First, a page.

-some sort of all-purpose bathroom cleaner
-paper towels/sponge for cleaning
-toilet brush
-toilet plunger
-hand towels
-bath towels
-mat in front of the tub (roommate discussion)
-shower curtain (roommate discussion)

Wednesday, July 9, 2008

Planning for graduate school: part two (the kitchen)

As this will be a shared space, many things will have to be discussed with my roommate upon her arrival, but I want to make sure that I have a complete set of kitchen items to force myself to really take advantage of the possibilities of cooking and baking. I have also started browsing a lot of cooking blogs looking for interesting recipes to try (some of my favorites being lavender soda, a watermelon limeade, a baked corn and basil side dish, and edamame mashed potatoes). Appliances for roommate discussion are a rice cooker, toaster, microwave, and maybe a George Foreman grill.

-silverware (spoons, butter knives, forks, Asian ceramic soup spoons)
-silverware storage
-wine glasses
-wine rack
-brita filter pitcher (plus extra filters)
-regular glasses
-large ceramic mugs (for tea)
-small nalgene
-stainless steel mug
-plates (ceramic)
-kitchen knives
-bowls (ceramic)
-vegetable peeler
-cheese grater
-small potato masher
-wooden spoons
-spatula (plastic and metal)
-pizza stone
-mixing bowl
-cookie sheets
-drying rack for cookies
-casserole pan
-frying pan
-spice rack
-cheesecake pan
-muffin pan (and paper muffin cups)
-standing mixer
-measuring cups and spoons
-slotted spoon
-can opener
-ice cube trays
-covered glass and plastic dishes (for leftovers, cooking in the oven, and lunches)
-pyrex measuring bowl
-frying pan (one large with a cover, one small)
-cast iron skillet
-pots (from small to large)
-cake pans (circular, 9x13 (with metal covers), 9x9; both glass and metal)
-cutting board
-hot pads
-rolling pin
-chip clips
-serving platter
-pie plate
-hand towels
-dish soap
-swiffer wet jet
-aluminum foil
-parchment paper
-saran wrap
-plastic Ziploc bags
-paper towels
-dish towels
-napkins, placemats, and tablecloths (I use fabric, so I picked up a bunch cheap at goodwill)
-drying rack for dishes (plus a drain board)
-garbage bags (plus garbage container)
-magnets (for the refrigerator)

Tuesday, July 8, 2008

Matt Dancing!

I do not know this gentleman who dances like Charlie Brown around the world, but he makes me smile.

As to why Stide gum is funding his travels without adding in any stupid gimmicks, maybe it's because they realize that people will respect them as a company for not making him sell out to the man while continuing to wear his dancing shoes.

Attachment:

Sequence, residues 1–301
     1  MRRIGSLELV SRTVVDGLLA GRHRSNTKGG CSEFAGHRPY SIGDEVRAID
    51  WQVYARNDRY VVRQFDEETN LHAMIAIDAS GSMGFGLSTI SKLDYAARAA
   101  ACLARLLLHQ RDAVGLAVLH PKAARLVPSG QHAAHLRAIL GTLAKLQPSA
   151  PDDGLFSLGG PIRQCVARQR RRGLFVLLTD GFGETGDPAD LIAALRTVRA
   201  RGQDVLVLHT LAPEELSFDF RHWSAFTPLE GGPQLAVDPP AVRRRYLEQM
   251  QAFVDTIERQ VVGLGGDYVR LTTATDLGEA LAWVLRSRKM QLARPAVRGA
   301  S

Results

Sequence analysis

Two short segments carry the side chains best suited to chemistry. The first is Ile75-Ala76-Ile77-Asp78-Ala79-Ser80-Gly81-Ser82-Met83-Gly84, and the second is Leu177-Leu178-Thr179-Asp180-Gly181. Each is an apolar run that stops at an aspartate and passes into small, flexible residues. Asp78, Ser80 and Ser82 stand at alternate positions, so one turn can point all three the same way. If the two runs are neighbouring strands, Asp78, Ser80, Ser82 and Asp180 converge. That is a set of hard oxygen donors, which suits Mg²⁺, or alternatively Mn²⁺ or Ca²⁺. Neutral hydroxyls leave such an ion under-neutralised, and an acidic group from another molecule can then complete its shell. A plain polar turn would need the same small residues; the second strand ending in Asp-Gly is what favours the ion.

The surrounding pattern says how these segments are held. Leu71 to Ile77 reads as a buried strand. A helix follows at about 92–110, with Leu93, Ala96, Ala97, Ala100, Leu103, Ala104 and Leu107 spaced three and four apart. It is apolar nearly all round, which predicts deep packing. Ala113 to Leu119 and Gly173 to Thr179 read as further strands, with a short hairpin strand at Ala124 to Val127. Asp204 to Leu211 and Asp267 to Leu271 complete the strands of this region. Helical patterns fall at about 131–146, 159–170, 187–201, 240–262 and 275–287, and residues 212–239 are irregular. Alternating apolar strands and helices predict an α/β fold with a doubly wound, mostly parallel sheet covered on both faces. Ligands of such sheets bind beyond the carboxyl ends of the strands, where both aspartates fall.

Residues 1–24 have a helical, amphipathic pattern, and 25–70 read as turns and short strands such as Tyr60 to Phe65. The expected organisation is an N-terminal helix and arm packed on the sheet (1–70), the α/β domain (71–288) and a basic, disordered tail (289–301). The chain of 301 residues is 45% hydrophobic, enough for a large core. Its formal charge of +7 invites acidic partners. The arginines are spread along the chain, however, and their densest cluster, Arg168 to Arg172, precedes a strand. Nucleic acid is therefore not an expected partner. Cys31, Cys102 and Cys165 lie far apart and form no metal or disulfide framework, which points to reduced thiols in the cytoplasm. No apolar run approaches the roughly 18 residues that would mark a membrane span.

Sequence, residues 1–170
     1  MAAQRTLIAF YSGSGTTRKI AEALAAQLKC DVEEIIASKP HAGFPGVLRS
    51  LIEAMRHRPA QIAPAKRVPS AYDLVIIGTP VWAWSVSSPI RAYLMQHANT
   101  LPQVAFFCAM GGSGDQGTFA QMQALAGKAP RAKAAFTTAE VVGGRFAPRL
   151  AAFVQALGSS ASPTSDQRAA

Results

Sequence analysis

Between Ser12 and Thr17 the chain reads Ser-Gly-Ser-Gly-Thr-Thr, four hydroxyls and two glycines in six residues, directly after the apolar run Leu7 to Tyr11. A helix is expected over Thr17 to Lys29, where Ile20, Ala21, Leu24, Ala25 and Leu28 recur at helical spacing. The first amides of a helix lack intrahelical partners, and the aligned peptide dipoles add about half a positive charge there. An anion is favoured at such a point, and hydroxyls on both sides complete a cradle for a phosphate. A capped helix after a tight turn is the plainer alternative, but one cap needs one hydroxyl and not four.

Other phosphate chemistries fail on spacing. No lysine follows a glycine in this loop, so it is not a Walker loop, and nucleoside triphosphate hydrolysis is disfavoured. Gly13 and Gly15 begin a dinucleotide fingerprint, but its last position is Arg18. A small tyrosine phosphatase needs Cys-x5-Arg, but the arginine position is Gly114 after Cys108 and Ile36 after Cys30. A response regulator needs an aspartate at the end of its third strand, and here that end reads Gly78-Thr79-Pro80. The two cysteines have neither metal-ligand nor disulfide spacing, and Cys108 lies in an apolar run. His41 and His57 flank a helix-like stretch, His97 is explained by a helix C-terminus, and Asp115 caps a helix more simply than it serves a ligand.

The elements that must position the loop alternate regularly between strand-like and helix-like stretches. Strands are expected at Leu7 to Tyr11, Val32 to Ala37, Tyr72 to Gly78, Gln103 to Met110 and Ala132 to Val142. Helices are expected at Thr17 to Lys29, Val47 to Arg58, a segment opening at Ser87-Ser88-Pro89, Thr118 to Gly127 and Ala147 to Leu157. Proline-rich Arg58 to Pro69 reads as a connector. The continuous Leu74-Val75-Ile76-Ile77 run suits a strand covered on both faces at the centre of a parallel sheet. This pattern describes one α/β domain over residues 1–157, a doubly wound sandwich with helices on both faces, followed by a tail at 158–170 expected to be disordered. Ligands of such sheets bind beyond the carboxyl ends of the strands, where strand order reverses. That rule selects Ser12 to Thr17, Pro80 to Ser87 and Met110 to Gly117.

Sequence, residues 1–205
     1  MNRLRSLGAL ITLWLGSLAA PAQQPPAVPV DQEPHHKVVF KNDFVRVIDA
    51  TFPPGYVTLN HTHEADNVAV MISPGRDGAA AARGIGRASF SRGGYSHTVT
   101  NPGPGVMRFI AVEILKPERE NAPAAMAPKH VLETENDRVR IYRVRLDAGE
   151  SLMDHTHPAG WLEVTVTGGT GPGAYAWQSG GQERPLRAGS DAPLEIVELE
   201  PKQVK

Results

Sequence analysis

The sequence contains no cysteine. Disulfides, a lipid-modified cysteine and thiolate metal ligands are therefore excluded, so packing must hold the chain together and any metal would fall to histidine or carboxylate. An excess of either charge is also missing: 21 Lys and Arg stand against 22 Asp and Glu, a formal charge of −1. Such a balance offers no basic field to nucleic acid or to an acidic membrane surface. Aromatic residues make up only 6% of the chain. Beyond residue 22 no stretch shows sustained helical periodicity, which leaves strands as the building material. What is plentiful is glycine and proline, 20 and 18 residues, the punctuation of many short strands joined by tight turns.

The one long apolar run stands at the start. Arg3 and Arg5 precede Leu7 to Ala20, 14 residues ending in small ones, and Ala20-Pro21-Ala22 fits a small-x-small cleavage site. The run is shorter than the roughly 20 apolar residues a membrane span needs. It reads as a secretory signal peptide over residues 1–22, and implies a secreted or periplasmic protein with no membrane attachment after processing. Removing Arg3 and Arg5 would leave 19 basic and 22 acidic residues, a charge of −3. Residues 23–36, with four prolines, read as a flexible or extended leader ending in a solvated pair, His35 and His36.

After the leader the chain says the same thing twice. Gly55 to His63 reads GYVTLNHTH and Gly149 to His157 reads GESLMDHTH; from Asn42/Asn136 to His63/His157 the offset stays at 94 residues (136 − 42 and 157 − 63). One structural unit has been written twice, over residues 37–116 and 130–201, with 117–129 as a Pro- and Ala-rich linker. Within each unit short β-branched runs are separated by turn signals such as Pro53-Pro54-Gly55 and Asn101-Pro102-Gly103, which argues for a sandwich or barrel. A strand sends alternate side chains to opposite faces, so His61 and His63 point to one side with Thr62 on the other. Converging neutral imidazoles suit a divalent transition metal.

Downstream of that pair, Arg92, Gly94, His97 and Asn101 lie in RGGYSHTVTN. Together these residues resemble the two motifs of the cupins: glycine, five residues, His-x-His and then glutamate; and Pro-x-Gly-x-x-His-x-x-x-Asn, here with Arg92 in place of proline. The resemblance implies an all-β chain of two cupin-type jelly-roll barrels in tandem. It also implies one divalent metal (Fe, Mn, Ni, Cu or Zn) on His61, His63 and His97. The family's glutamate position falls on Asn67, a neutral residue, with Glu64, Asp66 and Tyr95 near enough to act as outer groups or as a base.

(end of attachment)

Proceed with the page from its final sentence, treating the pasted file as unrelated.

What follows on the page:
Planning for graduate school: part one

After exhaustive googling, it has come to my attention that the world is severely lacking in a comprehensive list of things one will need (and need to do) when moving into a new apartment during graduate school. It's not quite the same as undergraduate, and it's not quite uprooting yourself for a new job. You still have the connections of the university community, and sometimes even the housing is technically part of the university (like mine, at least for now). You also know that there is a finite time (five-sixish years) that you will be spending in this new place. It's enough time to buy quality kitchenware, yet not necessarily enough to buy out Ikea. Anyway, this upcoming year, I will be living in a two bedroom apartment in Ashdown in Cambridge.

It is new construction, so the rooms should be pretty nice! The building is also applying for LEED Gold Certification, which is a HUGE thing in terms of sustainability. LEED stands for Leadership in Energy and Environmental Design, and it is a program which certifies a building based on their reduction of environmental impact during the planning and construction process. This includes rainwater reclamation for irrigation, water efficiency via low usage shower heads, toilets, and appliances, high recycled content of materials, recycling during construction/construction waste management (more than 90%), and utilizing natural lighting in their design. As MIT has clearly done their part, I want to continue their efforts this upcoming year (while of course trying to keep costs down).

My roommate is a young lady from China who is in the Sloan School of Management in the entrepreneurship track. I'm really excited to meet her!

During my search, I did find the following helpful websites: (to figure out how walkable your neighborhood is and where the nearest restaurants, pharmacies, etc…are located)

Even so, I think that the situation merits some planning, and I will be posting such thoughts here to hopefully help some of my friends planning to the same thing within the next few years.

Oh: my new address will be

EDIT: contact me if you want my address.

However, the building is NOT finished yet and will not accept mail until about September 1st…so DO NOT send anything yet or it will end up in some sort of construction-vortex-limbo.